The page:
Since Orion and Ellie Heyman purchased the business on the corner of Wisconsin Avenue and Woodland Place, it has quickly become a local favorite.
By Justin Franz | Photos by Photography by Hunter D’Antuono
Orion and Ellie Heyman have worked at fine-dining establishments from Napa Valley to New York City, but a few years into their successful cooking careers they realized they wanted something different. So they headed to the Rocky Mountains looking for just that.
“We got a lot of great experience working in fine dining,” Orion said. “But we wanted to cook for everyone.”
Now they’re doing just that at Wich Haus in Whitefish, a gourmet sandwich shop that opened in 2018 and was taken over by the couple in 2019. Since they purchased the business on the corner of Wisconsin Avenue and Woodland Place, it has quickly become a local favorite thanks to its quality sandwiches and unique salads.
Orion and Ellie met in 2011 at the Culinary Arts Institute in Napa Valley, California. After graduating in 2012, the couple stayed in California for a bit before heading east to New York City, where they worked for three years. While New York’s fast-paced culinary scene gave the couple invaluable experience, it was also exhausting, so they left and spent time south of the border, cooking in some of Mexico City’s finest restaurants for experience, before moving to Missoula to be closer to Orion’s family.
In Missoula, the couple started a catering business that they ran for a year before heading to Chicago for another year to gain more experience. But the Heymans were once again pulled back west, this time to Whitefish, a community that they had grown to like when running the catering business in Missoula.
As luck would have it, the owners of the Wich Haus were looking to get out of the business and put it up for sale. After years of working in the fast-paced and somewhat stuffy world of fine dining, a sandwich shop seemed like the perfect fit for the Heymans. They purchased the business, got to work revamping the menu and opened in the spring of 2019. In the initial days of running the restaurant, they rarely ever left it. In fact, early on, they lived upstairs so they were never far from work (They’ve since moved down the street).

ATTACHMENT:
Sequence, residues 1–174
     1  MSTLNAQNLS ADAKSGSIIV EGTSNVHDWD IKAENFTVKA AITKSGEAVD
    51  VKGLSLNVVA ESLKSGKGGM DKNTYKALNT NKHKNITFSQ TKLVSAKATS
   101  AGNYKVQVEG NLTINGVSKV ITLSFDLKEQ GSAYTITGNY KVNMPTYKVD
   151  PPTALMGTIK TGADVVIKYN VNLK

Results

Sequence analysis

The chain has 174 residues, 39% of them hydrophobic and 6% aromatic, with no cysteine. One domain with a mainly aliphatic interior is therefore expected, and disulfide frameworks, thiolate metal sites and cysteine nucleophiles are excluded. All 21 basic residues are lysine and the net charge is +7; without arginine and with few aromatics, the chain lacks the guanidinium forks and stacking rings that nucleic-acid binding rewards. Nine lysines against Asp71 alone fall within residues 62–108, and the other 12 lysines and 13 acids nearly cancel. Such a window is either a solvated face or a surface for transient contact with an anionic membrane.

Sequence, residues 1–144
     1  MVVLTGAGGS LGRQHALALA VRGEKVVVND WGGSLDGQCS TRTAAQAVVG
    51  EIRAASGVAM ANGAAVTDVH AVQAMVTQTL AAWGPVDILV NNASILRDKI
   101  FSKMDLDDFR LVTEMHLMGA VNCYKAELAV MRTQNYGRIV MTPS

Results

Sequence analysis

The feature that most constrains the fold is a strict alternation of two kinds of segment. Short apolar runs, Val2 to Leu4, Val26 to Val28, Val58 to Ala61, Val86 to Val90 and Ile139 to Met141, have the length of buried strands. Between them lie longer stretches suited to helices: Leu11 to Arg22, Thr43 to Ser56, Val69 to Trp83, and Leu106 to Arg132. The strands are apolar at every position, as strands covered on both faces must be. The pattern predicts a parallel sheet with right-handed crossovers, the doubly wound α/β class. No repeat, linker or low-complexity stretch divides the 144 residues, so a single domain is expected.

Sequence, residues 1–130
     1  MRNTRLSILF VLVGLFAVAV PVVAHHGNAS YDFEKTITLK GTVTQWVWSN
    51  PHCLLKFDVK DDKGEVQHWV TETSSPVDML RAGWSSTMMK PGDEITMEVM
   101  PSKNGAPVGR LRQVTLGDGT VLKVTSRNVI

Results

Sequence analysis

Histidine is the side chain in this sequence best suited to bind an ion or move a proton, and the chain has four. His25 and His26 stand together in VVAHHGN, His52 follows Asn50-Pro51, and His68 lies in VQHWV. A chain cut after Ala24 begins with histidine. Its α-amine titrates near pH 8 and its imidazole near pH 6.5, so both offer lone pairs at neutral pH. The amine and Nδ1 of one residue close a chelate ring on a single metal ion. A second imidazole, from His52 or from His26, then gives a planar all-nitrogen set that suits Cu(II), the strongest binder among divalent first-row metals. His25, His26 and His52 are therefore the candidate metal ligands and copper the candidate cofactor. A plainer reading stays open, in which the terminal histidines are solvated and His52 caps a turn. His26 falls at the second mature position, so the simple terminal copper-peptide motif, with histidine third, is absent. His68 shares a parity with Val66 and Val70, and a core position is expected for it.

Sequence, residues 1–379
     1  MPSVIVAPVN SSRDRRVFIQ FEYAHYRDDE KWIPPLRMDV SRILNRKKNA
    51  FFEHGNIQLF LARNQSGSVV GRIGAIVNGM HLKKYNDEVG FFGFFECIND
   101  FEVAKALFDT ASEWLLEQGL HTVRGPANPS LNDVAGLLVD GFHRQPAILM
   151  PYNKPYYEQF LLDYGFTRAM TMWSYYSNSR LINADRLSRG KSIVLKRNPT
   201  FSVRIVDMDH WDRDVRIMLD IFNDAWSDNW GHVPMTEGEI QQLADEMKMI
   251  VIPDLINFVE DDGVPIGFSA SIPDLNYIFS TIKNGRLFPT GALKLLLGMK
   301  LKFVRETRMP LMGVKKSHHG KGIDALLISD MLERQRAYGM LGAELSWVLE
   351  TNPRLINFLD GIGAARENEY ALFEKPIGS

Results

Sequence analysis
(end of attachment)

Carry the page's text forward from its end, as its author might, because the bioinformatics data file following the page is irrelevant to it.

One of the restaurant’s driving principles has been to use fresh, local ingredients whenever possible. They frequently butcher their own meat and use everything they get: the meat itself is used for sandwiches while bones and other leftovers are used for soups and au jus. They also use local grains to bake breads for every sandwich; Ellie normally bakes between 230 and 270 rolls a day. And they pickle and preserve vegetables whenever they are in season to use later in the year when it’s harder to get local ingredients.
“There is just an abundance of great local products here and we want to show them off,” Ellie said, adding that the menu can change frequently, depending on what’s in season. “We aim to have something new on the menu every week.”
The fruits of their labor include the tasty Roasted Flathead Pork Sandwich. The sandwich features Farm-to-Market Pork that was brined for three days and slow roasted, roasted garlic mayonnaise, shiitake mushrooms, and local lettuce that has been preserved (giving it sauerkraut-like texture but a fresh flavor), on top of a freshly baked hoagie roll. The sandwich is served with chips or a salad, such as the always popular beet salad. Ellie said the beet salad combined with the pork sandwich reflects the central and eastern European flavors they love to cook with.
Orion and Ellie said the sandwiches they serve are a step above what you’ll find at most delis but won’t break the bank. More than a year into the journey of owning a restaurant, making good food accessible is still one of their driving principles.
“Good food should be available to everyone,” Orion said.